As I sat in my living room watching the Miami Heat lose to the Chicago Bulls ending their attempt to break a decades old win streak in the NBA, I was blown away by the moment. Then my mind drifted to college football…
As the self-proclaimed defender of the college football regular season, I often reiterate how unique and special the college football regular season is. As such, I’m often hesitant to embrace a move to a playoff postseason format (though not opposed to a 4-game playoff). Anything that can potentially jeopardize the best regular season in sports should be approached with extreme caution.
What is interesting about recent events in the NBA is that for a couple weeks, Miami Heat games reminded me of college football. Last night’s Chicago Bulls matchup was the apex. Physical play. The biggest superstars in the world playing their asses off. A crowd going crazy on every play. Athletes playing at the top of their game. A losing squad so upset about losing that they walked off the court without shaking hands with the opposing team. These are the ingredients of great moments in sports.
When it comes to the professional leagues, these moments typically don’t come in the regular season. It took a 27 game win streak to create such an environment. When’s the last time there was a must watch NBA game in March for sports fans? A buddy of mine texted me and said “This is playoff basketball.” Indeed it was, but how unfortunate it is that the difference between regular season and playoff basketball is obvious to us all?
The uniqueness of college football is that these moments DO happen throughout the regular season. They do every year. You don’t have to look too far back to recall such moments.
Remember AJ McCarron’s tears as a result of beating LSU on November 3rd last year? Two of the top programs in the country going at it so hard that the only response for the winning quarterback was to let out the emotion. As SDS contributor William Wallace wrote about this moment:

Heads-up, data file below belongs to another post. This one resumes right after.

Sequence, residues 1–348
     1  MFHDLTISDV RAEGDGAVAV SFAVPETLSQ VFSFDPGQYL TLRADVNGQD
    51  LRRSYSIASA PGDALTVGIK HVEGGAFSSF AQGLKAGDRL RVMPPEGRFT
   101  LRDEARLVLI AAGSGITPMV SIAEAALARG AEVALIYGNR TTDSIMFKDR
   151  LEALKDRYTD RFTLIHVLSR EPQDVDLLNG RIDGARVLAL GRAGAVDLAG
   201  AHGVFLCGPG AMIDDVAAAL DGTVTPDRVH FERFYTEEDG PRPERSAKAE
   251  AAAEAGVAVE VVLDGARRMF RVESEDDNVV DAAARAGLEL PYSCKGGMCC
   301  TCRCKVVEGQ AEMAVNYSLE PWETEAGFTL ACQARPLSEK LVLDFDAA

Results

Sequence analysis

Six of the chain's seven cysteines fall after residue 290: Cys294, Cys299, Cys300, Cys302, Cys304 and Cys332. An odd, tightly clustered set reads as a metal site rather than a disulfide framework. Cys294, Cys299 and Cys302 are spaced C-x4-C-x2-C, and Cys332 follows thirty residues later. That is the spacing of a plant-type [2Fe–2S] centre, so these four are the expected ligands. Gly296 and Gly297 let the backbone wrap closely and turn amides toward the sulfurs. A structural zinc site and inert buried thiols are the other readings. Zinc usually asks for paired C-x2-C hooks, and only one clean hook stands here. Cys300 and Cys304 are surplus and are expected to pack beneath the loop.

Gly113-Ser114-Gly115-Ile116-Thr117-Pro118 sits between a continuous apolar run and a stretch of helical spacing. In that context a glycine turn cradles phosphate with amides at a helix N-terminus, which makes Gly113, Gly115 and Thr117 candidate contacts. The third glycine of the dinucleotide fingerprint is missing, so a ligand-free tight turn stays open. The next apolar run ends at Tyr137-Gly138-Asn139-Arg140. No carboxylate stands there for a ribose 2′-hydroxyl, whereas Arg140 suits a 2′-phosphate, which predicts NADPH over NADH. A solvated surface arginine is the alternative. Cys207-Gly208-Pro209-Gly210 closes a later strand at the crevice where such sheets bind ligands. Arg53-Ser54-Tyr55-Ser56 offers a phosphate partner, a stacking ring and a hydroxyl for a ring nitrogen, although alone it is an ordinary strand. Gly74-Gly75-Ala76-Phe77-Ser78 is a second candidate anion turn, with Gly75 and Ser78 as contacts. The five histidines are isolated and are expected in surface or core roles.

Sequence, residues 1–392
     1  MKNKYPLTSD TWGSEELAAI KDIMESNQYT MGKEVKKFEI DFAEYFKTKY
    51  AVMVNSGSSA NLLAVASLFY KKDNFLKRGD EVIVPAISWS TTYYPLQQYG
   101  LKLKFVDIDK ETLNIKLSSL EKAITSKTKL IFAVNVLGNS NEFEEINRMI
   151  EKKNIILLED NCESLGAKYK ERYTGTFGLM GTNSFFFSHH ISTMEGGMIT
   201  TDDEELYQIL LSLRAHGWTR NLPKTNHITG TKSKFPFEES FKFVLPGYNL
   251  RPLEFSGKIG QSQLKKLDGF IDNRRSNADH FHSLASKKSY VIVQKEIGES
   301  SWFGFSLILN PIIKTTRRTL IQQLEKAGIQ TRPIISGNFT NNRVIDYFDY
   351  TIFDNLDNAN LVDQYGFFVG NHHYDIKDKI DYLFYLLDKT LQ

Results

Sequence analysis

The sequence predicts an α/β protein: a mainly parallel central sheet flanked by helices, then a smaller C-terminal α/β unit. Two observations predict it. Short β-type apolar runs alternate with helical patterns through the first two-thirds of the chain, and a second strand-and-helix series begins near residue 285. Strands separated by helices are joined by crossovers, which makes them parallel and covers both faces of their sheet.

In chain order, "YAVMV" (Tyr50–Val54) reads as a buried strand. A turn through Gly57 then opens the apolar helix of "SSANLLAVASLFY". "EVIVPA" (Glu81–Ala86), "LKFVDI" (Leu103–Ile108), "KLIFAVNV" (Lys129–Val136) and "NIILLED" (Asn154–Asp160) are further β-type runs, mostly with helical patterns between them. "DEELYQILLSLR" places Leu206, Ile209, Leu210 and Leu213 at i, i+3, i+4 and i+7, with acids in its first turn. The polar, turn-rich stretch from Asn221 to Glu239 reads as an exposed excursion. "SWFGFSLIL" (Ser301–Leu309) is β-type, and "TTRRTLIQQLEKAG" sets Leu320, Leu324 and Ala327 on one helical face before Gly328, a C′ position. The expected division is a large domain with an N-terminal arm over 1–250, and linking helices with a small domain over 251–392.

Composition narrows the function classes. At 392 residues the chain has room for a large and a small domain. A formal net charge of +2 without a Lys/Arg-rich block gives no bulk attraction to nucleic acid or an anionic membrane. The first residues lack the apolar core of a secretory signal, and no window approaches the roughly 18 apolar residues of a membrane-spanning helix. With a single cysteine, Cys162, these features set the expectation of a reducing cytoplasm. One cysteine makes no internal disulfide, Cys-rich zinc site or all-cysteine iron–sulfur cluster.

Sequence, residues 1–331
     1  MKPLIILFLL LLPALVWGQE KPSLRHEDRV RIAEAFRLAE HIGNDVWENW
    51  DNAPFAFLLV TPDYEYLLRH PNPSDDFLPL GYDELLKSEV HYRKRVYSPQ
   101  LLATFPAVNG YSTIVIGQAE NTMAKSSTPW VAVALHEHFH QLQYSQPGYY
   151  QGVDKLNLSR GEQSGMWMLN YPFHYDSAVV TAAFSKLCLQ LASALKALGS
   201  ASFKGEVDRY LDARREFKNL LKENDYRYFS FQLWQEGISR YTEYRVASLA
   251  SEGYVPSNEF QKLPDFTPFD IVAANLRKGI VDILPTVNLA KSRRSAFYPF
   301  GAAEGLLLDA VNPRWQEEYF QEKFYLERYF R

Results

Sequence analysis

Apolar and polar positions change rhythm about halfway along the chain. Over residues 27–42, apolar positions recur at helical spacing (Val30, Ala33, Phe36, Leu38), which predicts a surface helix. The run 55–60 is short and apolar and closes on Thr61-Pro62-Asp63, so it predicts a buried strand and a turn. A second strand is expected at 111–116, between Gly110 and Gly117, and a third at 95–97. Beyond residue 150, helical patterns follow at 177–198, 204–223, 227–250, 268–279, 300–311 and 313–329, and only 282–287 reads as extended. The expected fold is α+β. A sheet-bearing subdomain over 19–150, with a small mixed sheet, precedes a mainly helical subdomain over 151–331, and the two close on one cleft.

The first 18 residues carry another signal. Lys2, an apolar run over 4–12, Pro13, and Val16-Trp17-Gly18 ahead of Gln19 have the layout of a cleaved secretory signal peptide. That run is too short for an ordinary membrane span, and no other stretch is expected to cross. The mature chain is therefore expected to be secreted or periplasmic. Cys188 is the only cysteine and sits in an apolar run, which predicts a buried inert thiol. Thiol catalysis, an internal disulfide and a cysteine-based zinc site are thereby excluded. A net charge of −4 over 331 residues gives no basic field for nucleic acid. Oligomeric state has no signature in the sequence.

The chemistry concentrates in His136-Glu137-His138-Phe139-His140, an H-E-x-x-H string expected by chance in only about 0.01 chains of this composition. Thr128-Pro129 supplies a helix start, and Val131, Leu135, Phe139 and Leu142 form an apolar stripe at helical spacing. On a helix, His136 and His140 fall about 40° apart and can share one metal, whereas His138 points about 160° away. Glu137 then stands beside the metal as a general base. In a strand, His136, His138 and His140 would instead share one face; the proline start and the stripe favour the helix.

There is a great line in the movie version of Moneyball, where Brad Pitt handsomely says to Jonah Hill, “How can you not be romantic about Baseball?” That line came to my head as I watched the fourth quarter of Alabama at LSU.
It was the best of so many things. History, rivalries, toughness, fanaticism, alcohol, team work, leadership, the South. Had this game been played in last season’s BCS Championship game, the BCS wouldn’t be getting dismantled. Instead of SEC fatigue, we’d have SEC withdrawals. Nobody would have anything to bitch about. This game was more than anyone could have hoped for.
A week later, we saw the Texas A&M Aggies go into Tuscaloosa and experience the same thing at the expense of the Crimson Tide. The moment was not lessened by the fact that we had experienced the same thing 7 days earlier.
And yet a week later again, we saw Stanford beat Oregon in overtime in unbelievable fashion shaking up the college football landscape and capping off a three week stretch of unbelievable drama by the top programs and top athletes in college football. Ladies and gentlemen, the regular season of college football.
It’s fitting to have this conversation during March Madness. The event esteemed by most sports writers as the best sporting event ever. I love March Madness, but let’s not kid ourselves about its reality. It’s entertainment value is at the expense of the college basketball regular season. Quick, tell me when college basketball officially begins each year. Most of you can’t tell me that because it doesn’t matter! 99% of you start paying attention around the end of February to see if your team is going to get into the tournament. You don’t even watch the conference tournament. Can’t we appreciate the fun of March Madness (90% of which is filling out brackets) without having to talk about how college football should be more like a 68-team tournament which includes 30 teams you wouldn’t watch if they were playing in your driveway?
A buzzer beater win by Wichita State over a team from the Northwest is fun. Sure, I’ll give you that. But, that moment is gone in my mind ten minutes later.
I’ll remember AJ McCarron’s exhausted tears after beating LSU in 2012. I’ll remember Johnny Manziel lighting it up in Bryant-Denny. And I’ll remember Lebron James flinging his 6’8″ frame into the chest of Carlos Boozer as he left it all on the court. In March.
The goal of designing a structure for sports should be to maximize the times when the top teams and top athletes play meaningful contests while minimizing the meaningless contests. Nobody does this better than college football.
Does college football have cupcake games sprinkled in the schedule? Sure. But the NBA has stretches of 50 games that are meaningless. NFL teams “suck for Luck” or sit their players in the latter weeks when certain playoff appearances are guaranteed. I won’t even comment on the 162-game MLB season.
Thank you Lebron James for bringing the best parts of sports to us in the middle of the NBA regular season.
Thank you college football for giving us 13 straight weekends of consistent greatness every fall.
I hope we don’t ruin it.
Photo Credit: Robert Mayer-USA TODAY Sports